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Susan B. Anthony

The feminist movement didn't start in the mid-1960s and early 1970s. It actually started some centuries ago with women's rights activists such as Sojourner Truth, Elizabeth Cady Stanton, Lucretia Mott, Dorothea Dix and the subject of this biography, Susan B. Anthony. Without her efforts and those of her allies in this movement, women wouldn't be able to vote, become political activists or even hold political office.

Susan B. Anthony
Susan B. Anthony

Susan B. Anthony grew up in an era where the ideals of "Republican Motherhood" and "Cult of Domesticity" reigned in antebellum American culture. With "Republican Motherhood", it was believed that in order for America to survive, it was important for women to receive a formal education solely for the purpose of teaching their children to be productive citizens, but this education was never intended for the women to fulfill their own goals.

And in the "Cult of Domesticity", this meant that a woman's primary role was in the home. Now this is not to say that no women worked outside of the home or were influential in their own right. African-American female Phillis Wheatley published a work of poetry in the 1700s. And there were numerous women who worked as nurses, teachers, in-home tutors, and caretakers. It was out of this environment that Susan B. Anthony came to prominence as an abolitionist and women's rights activist.

Susan B. Anthony was born on February 15, 1820 to Daniel and Lucy Anthony. Her father worked in cotton, was a devout Quaker who often held to abolitionist views and was actively involved in antislavery movements. Her mother, Lucy Anthony, attended the 1848 Seneca and Rochester convention on women's rights and instilled in Susan and her three sisters an independent spirit and a commitment to social justice.

To help support her family financially, Susan worked as a teacher until 1837 when her father's increasing debt caused him to sell his business and move the family to Rochester, New York. As a child, Susan was exposed to leading abolitionists such as Frederick Douglass, William Lloyd Garrison and Wendell Phillips because these men often visited their home.

It was from them that Susan B. Anthony developed a passion for ending slavery and other social causes. When she started her political activism, her first cause surprisingly wasn't women's rights. Rather, she focused heavily on the cause of temperance and she advocated for a limit on the sales of liquor. But when males in the temperance movement refused to let her speak at the state rallies, she decided to join the women's rights movement because she believed that if women could have some political influence and have voting rights, then they can change the temperance laws in America.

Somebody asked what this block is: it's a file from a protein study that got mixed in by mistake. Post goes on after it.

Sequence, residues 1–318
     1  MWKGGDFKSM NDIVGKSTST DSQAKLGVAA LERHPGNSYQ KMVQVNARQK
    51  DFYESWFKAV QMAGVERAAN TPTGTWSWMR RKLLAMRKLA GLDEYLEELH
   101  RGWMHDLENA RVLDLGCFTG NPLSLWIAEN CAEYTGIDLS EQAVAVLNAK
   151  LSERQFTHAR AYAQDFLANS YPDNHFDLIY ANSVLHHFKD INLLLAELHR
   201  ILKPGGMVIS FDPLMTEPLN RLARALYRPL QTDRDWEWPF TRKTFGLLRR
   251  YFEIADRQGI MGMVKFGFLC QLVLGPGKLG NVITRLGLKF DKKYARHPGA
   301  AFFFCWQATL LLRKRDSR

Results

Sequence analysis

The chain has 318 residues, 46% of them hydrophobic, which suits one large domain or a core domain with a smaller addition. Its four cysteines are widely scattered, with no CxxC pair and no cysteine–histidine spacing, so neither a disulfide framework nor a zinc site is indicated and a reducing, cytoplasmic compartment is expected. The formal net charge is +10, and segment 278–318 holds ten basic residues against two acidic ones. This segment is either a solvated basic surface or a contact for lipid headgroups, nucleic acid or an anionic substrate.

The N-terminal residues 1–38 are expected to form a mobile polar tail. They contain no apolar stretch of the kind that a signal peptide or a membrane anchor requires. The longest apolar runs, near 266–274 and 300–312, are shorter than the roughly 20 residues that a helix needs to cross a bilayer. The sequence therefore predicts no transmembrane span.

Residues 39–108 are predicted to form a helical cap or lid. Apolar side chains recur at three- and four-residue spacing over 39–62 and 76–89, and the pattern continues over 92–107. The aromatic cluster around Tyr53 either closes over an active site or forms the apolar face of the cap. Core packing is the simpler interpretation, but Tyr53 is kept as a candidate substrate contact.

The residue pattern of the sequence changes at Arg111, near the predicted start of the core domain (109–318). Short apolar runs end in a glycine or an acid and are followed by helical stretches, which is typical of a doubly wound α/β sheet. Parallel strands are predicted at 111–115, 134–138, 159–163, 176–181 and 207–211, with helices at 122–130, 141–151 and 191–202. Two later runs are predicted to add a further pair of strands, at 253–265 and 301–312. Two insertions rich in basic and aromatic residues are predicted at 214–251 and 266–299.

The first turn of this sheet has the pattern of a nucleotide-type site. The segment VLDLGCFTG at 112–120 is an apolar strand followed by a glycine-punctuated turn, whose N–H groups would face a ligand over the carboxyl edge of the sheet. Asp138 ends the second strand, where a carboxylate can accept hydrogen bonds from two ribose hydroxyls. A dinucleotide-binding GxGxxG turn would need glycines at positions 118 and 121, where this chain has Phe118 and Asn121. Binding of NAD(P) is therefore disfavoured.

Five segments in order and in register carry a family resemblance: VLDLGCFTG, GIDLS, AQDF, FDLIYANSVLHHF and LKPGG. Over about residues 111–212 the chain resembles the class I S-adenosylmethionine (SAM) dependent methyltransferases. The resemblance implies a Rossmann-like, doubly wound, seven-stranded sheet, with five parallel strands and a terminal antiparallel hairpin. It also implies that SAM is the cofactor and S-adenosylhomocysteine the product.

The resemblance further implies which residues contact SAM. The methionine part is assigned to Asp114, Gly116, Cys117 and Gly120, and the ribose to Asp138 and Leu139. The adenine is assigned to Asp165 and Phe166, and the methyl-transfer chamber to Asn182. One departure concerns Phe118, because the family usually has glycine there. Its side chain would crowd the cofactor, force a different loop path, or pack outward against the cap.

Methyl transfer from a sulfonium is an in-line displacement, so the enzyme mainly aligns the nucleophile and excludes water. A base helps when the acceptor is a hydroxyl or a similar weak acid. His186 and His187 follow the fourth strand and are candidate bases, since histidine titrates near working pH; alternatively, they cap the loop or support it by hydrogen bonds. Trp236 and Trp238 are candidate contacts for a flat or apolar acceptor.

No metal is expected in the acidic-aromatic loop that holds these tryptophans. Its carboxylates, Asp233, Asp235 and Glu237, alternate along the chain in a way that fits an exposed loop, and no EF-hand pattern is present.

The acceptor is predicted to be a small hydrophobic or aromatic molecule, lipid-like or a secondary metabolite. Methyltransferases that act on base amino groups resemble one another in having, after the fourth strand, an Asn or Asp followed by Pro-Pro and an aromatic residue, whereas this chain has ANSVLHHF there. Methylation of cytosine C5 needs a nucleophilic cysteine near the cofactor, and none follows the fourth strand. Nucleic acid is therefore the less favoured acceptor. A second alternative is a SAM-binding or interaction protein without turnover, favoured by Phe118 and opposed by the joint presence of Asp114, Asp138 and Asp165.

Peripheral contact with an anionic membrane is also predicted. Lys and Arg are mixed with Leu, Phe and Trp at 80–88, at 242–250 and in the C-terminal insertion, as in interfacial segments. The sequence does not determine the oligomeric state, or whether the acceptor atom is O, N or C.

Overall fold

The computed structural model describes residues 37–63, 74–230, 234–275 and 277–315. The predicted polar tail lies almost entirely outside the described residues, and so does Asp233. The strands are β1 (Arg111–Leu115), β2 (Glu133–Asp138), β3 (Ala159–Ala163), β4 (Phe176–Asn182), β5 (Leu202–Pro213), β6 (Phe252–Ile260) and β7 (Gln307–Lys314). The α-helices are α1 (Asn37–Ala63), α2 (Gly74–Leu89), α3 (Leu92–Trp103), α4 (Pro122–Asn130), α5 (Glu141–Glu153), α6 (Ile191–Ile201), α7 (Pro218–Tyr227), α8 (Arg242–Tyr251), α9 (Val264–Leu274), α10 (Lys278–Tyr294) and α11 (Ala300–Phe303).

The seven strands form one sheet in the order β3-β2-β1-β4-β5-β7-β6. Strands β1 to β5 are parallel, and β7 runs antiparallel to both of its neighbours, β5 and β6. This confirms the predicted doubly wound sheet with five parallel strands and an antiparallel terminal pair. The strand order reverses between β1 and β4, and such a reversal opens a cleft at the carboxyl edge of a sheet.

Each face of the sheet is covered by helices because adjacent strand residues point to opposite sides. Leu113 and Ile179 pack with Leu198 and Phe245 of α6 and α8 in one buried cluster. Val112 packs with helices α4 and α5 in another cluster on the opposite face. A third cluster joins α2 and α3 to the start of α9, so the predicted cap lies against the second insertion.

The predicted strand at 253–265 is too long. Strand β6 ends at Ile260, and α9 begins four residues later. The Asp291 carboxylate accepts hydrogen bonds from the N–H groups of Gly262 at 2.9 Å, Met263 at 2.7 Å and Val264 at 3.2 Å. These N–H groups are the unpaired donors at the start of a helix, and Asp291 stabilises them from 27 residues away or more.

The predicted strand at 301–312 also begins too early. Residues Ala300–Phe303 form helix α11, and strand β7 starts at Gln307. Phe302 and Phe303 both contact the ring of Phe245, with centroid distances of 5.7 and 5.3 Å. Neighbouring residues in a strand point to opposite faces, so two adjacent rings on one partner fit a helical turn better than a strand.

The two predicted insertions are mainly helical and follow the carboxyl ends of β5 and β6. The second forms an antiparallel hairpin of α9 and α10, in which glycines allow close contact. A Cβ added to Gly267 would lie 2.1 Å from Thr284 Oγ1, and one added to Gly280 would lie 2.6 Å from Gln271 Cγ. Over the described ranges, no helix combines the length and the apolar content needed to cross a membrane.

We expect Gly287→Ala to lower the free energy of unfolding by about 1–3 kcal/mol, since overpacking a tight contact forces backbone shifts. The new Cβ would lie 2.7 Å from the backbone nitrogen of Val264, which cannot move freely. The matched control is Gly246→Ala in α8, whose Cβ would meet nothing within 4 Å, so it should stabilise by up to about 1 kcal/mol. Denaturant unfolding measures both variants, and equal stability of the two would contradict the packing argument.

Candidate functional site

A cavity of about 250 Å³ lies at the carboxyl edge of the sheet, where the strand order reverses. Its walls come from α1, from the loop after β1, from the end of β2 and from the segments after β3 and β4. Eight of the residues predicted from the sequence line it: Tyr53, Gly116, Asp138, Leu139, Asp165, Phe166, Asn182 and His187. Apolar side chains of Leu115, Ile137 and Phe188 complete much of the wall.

In 1851, she started a friendship with Elizabeth Cady Stanton and together they started the National Woman's Suffrage Association and the publication The Revolution. Susan B. Anthony traveled across America for lectures on women's rights. She passed out brochures and even appeared before Congress near the end of her life to make a case for a federal women's suffrage law.

In 1872, while voting with fellow supporters, she was arrested for voting illegally and lost her case. She was fined for her actions. Susan B. Anthony died in 1906, just fourteen years before women finally gained the right to vote in 1920. Susan B. Anthony's life and career proved that with determination, support from others and strong convictions, one person can make tremendous and groundbreaking changes in his or her society.

I'll end with some quotes from Susan B. Anthony:

"Women must not depend upon the protection of man, but must be taught to protect herself."

"I think the girl who is able to earn her own living and pay her own way should be as happy as anybody on earth. The sense of independence and security is very sweet."

"It would be ridiculous to talk of male and female atmospheres, of male and female springs or rains, male and female sunshine…how much more ridiculous is it in relation to mind, soul, to thought, where there is undeniably no such things as sex, to tell of male and female education and male and female schools."

Susan B. Anthony is remembered today as one of the most famous women activists of recent times.

There is a secret you don't know …

Besides the factual Susan B. Anthony biography presented above there is a secret that no one knows until now. And that secret is that Susan B. Anthony coined the phrase, "Penny for your thoughts."


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